Encourage your child to use her imagination — it’s not just fun, but builds learning skills too! Young children learn by imagining and doing. Have you ever watched your child pick up a stone moral development in preschool age pretend it is a zooming car, or hop a Lego across the table as if it were a person or a bunny? Through cooperative play, he learns how to take turns, share responsibility, and creatively problem-solve.
When your child pretends to be different characters, he has the experience of “walking in someone else’s shoes,” which helps teach the important moral development skill of empathy. Have you ever listened in as your child engages in imaginary play with his toys or friends? You will probably hear some words and phrases you never thought he knew! In fact, we often hear our own words reflected in the play of children.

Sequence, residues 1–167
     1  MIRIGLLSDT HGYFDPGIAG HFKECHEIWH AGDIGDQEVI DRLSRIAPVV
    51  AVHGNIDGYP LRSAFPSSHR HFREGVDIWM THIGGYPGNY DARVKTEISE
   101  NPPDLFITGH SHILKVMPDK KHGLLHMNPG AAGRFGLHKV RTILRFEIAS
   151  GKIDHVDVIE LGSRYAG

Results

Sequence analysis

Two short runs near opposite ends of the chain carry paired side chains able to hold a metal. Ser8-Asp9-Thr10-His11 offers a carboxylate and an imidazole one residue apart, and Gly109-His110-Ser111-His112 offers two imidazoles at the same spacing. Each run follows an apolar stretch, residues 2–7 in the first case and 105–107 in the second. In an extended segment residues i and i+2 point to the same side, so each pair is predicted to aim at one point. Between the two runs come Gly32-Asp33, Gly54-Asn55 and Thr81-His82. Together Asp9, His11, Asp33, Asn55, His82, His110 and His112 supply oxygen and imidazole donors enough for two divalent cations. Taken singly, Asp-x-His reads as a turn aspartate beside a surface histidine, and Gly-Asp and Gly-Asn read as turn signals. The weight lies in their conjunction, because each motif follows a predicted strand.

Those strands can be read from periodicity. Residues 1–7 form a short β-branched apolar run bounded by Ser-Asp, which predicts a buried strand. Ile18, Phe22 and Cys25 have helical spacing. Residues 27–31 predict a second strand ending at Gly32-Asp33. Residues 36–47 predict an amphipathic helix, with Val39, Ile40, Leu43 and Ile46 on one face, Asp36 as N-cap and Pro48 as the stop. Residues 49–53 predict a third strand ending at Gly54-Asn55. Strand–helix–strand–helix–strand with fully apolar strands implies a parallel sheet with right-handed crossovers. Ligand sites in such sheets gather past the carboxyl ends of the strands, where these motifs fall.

Kids can do a perfect imitation of mom, dad, and the teacher! Pretend play helps your child understand the power of language. In addition, by pretend playing with others, he learns that words give him the means to reenact a story or organize play. Pretend play provides your child with a variety of problems to solve.
Whether it’s two children wanting to play the same role or searching for the just right material to make a roof for the playhouse, your child calls upon important cognitive thinking skills that he will use in every aspect of his life, now and forever. Does your child enjoy a bit of roughhousing? Not enough pretend play at your house? Consider creating a prop box or corner filled with objects to spark your preschooler’s fantasy world.
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